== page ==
Money was the reason my boyfriend and I were no longer giving each other goodnight kisses, Netflix and chill became nonexistent, and late night White Castle runs were few and far between. We thought sharing our cash was a good thing for our relationship, but it wasn’t until we started keeping our finances separate that things improved between us.
It wasn’t always like this.
Once upon a time, our joint finances were fluid. Money was spent when needed and shared equally on both ends. Budgets weren’t enforced and a joint bank account was opened. The advice we received encouraged taking this step in order to ensure we were on the right path to a long-lasting relationship. My boyfriend and I equated financial openness to trust, and that was the worst decision we ever made.
We realized money led to our biggest arguments.
We fought over who was spending what, whether a purchase was really necessary, and why we needed $6 lattes in the morning. The arguments were explosive and had us questioning if we even wanted to be in a relationship anymore. I never would’ve thought the topic of money could be so detrimental in a relationship, but it was threatening to tear us apart.
My frequent withdrawals were the first major red flag.
It took quite some time for me to find work after college, and although we were initially allowed to dip into funds whenever we needed, it was me who always did—a quick mall visit here, cafe brunch there, and a Target haul to top it all off. Although none of the spendings were excessive, they weren’t exactly crucial purchases either. This put a huge amount of strain on the situation since I was constantly taking out cash without ever being able to put any back in.
We stopped taking unsolicited advice.
There was an insane amount of tension around anything that had to do with our money matters. Outside sources (our parents and friends) butted in to try and mediate the choices we were making with our finances, but that didn’t help at all. It made us feel like we weren’t a team and couldn’t handle our issues. Once we pushed everyone out, we noticed an immediate shift in the way things were handled.
We ultimately decided to open separate accounts.
This was a game-changer, not only because we’re both able to spend freely without scrutinizing one another now, but there’s no worry on my end about whether or not my boyfriend might get upset about a purchase or question my thought process before buying those new shoes. Once we finally made the decision to keep our money separate, I finally felt like our relationship was headed in the right direction.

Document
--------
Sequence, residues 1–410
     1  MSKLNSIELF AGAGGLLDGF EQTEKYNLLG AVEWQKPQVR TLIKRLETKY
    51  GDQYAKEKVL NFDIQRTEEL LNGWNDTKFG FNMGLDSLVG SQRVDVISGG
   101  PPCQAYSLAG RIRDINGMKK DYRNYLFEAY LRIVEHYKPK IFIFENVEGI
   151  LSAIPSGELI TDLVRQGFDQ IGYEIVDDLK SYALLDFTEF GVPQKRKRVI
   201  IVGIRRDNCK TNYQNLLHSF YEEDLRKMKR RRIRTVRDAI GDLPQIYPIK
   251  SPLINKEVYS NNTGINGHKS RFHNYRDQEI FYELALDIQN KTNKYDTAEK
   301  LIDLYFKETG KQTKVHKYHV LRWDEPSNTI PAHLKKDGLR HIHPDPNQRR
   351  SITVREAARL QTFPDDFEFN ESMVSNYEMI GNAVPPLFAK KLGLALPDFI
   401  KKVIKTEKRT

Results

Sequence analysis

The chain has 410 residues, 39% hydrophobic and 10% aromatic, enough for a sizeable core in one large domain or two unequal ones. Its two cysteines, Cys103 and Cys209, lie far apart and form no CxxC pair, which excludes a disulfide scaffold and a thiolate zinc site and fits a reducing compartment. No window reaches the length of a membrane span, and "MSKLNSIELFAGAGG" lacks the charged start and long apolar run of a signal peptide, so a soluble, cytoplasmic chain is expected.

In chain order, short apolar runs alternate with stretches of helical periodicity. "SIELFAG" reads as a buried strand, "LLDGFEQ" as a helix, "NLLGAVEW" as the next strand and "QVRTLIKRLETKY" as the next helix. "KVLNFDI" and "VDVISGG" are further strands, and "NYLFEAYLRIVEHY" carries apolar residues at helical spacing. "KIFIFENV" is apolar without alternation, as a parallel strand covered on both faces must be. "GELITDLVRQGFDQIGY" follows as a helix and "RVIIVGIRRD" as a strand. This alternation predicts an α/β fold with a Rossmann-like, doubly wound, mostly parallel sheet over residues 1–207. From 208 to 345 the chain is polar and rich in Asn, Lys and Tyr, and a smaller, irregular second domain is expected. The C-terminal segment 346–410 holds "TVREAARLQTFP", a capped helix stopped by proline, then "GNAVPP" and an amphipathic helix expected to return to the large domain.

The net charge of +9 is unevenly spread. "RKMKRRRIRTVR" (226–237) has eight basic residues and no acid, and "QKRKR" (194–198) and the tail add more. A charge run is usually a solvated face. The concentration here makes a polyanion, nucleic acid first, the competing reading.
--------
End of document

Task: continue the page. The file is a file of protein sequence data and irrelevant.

We’ve been able to grow our savings independently.
Our spending styles are extremely different, but we never considered that when we decided to combine our finances. These days, I’m definitely more relaxed when it comes to money than he is. I have no issue sipping wine and online shopping on a Friday night while he’s OK with ramen three nights a week if it means putting more in savings. We both agreed to put at least the minimum of a specified amount in our savings account each time we got paid. Despite our different approaches to money, both of our separate accounts still manage to thrive.
Everything is split down the middle.
Paying our equal share for things like household necessities and groceries has put us both at ease. We decided one person would pay all utilities and the other person would pay rent. Once paid, we would bill each other what was still owed and this tactic has been working seamlessly. We’re both contributing and we’re both equally indebted. Sharing financial responsibilities in this way felt like the perfect fit for us.
We stopped sharing how much we make.
As long as bills are covered, bellies are full, and our chihuahua has his favorite treats, we feel like it’s not necessary to share every single detail of our income. His money is his and my money is mine. When we were sharing finances, we were constantly questioning who should contribute what. Agreeing everything should be split 50/50 took the guesswork out.
The sex is so much better these days.
Constant fighting doesn’t make for a healthy relationship and can cause much-unwanted static in the bedroom. Our fights would sometimes last for days, with both of us being too stubborn to break the ice. Taking control of our finances individually while still working together made past arguments seem almost childish and unnecessary. Since our financial issues have been put to rest, love lines are in constant flow.
We’ll continue this setup into marriage.
Marriage is hard and it’s important for me to have a successful one. Minimizing money as a potential stressor early on can only be beneficial in the long run. What works for us may not work for everyone else, which is fine. Revising the standard approach couples take when dealing with money showed us how we can fine-tune any obstacle and make it work for us.
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